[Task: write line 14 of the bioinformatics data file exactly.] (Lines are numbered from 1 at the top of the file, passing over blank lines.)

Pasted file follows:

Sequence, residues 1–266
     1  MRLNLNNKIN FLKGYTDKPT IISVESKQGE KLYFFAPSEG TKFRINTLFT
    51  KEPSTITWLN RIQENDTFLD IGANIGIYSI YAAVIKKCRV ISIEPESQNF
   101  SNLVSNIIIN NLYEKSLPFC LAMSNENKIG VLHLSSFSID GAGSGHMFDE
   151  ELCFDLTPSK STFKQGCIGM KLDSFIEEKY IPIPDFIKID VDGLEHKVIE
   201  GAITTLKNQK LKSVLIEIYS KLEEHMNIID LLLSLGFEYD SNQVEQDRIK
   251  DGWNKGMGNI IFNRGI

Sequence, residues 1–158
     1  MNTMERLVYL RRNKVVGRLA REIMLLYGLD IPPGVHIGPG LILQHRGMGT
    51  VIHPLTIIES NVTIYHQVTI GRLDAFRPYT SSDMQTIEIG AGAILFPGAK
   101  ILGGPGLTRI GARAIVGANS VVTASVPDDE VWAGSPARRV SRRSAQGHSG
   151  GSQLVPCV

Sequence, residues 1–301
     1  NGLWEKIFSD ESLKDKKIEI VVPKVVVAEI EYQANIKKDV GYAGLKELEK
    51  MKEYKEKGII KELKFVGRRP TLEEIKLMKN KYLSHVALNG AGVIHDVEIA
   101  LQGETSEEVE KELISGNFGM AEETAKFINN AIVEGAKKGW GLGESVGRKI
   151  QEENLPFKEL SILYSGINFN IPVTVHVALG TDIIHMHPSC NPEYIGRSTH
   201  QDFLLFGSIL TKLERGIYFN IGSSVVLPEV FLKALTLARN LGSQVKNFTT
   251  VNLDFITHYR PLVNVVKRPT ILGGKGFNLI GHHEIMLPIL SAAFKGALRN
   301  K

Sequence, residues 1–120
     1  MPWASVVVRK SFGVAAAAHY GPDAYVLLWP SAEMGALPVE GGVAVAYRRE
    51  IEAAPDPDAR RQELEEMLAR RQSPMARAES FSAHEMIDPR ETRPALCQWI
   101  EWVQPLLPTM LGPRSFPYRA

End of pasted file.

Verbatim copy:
     1  NGLWEKIFSD ESLKDKKIEI VVPKVVVAEI EYQANIKKDV GYAGLKELEK